SACRAMENTO, Calif. (CN) - Environmentalists mostly failed to challenge California studies for statewide fish hatcheries and stocking operations, an appeals court ruled.
California has been developing plans to continue fish hatchery and stocking operations responsibly, while still providing recreational fishing opportunities, amid evidence of declining native amphibian populations and less genetic diversity in salmonids.
Among other things, the plans require the department to stop stocking lakes where threatened or endangered species live, and to assess lakes located within 2 km of the habitats of such species to determine if stocking operations can continue.
To maintain genetic integrity and limit wild and hatchery fish from interacting, the department is also developing hatchery genetic-management plans.
So far, the National Marine Fisheries Service has not approved any of the draft plans, court records show.
A 2006 lawsuit by the Center for Biological Diversity prompted a Sacramento judge to find that the hatchery and stocking program should not be exempt from review under the California Environmental Quality Act.
In 2008, the court ordered the California Department of Fish and Wildlife to prepare the first environmental impact report (EIR) for the program in its 100-year history, which was completed and certified in January 2010.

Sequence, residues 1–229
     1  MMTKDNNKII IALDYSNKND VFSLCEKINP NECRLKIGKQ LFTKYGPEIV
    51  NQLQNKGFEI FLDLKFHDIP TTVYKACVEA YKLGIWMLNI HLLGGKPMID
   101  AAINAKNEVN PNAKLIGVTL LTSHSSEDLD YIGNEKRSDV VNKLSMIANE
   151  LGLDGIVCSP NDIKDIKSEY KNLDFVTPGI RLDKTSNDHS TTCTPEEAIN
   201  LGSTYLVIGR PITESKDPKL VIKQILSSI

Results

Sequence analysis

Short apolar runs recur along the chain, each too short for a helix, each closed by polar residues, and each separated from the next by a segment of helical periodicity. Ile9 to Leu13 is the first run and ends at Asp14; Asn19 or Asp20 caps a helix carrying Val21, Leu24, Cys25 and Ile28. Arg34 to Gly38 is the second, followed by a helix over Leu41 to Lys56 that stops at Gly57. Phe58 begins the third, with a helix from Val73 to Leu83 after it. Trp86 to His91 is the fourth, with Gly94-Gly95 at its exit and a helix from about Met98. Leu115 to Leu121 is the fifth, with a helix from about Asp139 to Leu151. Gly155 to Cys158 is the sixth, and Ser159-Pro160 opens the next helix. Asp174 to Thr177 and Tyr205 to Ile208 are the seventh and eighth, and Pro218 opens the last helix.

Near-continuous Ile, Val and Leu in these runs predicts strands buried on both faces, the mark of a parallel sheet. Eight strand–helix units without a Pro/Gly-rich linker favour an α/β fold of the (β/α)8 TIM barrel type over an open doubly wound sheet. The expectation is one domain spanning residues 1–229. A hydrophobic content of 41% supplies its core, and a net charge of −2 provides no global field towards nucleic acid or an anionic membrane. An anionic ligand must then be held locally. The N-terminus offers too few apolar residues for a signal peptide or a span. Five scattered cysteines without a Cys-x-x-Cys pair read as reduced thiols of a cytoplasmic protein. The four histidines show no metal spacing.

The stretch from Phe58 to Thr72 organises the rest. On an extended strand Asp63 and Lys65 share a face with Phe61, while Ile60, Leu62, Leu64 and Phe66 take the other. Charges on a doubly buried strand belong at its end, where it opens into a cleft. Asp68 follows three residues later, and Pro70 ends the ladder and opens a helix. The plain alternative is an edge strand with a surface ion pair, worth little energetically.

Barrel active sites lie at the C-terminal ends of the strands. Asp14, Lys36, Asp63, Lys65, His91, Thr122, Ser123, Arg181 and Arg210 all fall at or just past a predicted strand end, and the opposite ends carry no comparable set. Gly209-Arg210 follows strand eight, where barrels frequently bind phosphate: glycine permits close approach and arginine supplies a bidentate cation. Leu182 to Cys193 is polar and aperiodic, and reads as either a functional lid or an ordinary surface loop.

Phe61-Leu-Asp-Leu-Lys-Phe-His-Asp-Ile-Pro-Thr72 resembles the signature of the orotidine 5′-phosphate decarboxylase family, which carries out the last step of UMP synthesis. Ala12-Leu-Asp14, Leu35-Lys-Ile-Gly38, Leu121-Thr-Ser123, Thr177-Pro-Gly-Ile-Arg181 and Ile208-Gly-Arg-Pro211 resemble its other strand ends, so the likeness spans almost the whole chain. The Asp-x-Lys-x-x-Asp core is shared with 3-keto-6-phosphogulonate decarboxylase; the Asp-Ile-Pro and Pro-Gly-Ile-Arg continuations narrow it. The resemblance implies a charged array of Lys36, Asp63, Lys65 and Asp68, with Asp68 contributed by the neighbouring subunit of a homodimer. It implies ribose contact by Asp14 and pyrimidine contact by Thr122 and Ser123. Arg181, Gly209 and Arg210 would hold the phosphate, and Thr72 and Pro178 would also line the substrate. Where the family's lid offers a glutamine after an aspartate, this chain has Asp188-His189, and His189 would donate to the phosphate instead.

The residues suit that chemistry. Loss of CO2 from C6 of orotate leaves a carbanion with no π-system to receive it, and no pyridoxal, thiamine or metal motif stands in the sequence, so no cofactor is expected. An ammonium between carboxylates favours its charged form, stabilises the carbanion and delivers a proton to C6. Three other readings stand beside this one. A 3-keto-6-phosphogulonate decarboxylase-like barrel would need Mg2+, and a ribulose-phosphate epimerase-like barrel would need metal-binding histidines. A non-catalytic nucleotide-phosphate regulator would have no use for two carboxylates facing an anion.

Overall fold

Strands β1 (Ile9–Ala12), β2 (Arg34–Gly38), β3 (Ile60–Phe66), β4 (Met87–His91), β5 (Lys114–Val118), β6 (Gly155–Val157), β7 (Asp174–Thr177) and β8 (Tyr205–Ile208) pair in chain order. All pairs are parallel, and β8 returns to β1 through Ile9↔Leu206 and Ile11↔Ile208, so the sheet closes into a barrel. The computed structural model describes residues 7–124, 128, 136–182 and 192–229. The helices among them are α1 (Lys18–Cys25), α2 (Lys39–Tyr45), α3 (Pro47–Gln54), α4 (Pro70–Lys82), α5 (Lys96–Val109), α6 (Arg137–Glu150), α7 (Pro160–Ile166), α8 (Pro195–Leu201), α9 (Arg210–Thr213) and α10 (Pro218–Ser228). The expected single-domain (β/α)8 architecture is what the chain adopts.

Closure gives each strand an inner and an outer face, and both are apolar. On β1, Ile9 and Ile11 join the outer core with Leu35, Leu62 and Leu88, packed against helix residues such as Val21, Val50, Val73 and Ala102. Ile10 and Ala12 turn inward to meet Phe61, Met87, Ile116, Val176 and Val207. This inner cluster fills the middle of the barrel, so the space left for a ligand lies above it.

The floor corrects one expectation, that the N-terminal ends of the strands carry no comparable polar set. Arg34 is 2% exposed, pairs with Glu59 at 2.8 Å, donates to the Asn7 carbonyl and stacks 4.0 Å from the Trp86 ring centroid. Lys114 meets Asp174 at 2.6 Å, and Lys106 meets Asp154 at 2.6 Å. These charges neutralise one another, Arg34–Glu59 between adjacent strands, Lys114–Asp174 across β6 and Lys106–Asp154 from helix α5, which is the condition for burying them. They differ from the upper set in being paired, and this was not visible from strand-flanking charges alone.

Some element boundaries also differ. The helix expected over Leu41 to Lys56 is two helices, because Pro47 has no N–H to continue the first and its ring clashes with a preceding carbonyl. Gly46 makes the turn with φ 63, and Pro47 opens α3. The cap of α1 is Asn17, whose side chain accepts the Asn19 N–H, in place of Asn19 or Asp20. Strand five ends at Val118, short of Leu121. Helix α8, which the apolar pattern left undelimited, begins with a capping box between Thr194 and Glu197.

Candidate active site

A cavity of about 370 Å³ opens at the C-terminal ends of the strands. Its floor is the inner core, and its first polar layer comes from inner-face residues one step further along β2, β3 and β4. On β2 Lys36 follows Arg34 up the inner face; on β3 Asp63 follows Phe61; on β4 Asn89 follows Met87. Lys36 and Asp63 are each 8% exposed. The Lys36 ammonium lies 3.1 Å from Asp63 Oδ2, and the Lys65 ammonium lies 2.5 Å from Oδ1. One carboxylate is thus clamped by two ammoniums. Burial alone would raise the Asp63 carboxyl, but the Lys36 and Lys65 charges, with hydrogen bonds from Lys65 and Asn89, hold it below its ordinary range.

Using the program's operations from 2004 to 2008 as its environmental baseline, the EIR found that, among other things, the stocking program harmed frog and native fish populations by forcing them to compete for scarce resources with stocked fish and by introducing pathogens and invasive species into their habitats.
When it certified the EIR, the department chose to continue program operations while adopting the mitigation measures set forth in the aquatic diversity and hatchery genetic-management plans and endangered-species assessment requirements for water bodies proposed for recreational fish stocking.
This prompted separate lawsuits from the Center for Biological Diversity, Californians for Alternatives to Toxics and California Association for Recreational Fishing.
After consolidating their cases in Sacramento, Judge Lloyd Connelly denied the plaintiffs summary judgment. A three-judge panel with the 3rd Court of Appeals affirmed against all but one group on Tuesday.
The California Association for Recreational Fishing persuaded the appellate panel that the department violated the public-notice requirements of the Administrative Procedures Act (APA) when it unilaterally adopted mitigation measures affecting the Fishing in the City program, which stocks lakes in urban areas with fish.
Rejecting the department's exemption claims, the appellate court disagreed that the measures concern the department's internal management.
Indeed one measure affects a public program administered by the department and the thousands of people who participate in that program, while the other imposes new duties on those who supply fish for the program, the court found.
The court rejected the environmentalists' remaining challenges, including a claim that state investigators should have conducted site-specific analyses at each proposed stocking location; should have deferred the creation of mitigation measures in favor of enacting protocols established in the aquatic biodiversity and hatchery genetic management plans; and should have considered the cessation of stocking activities as a plan alternative.
Acting Presiding Judge George Nicholson signed the panel opinion, joined by Judges Elena Duarte and Andrea Lynn Hoch.
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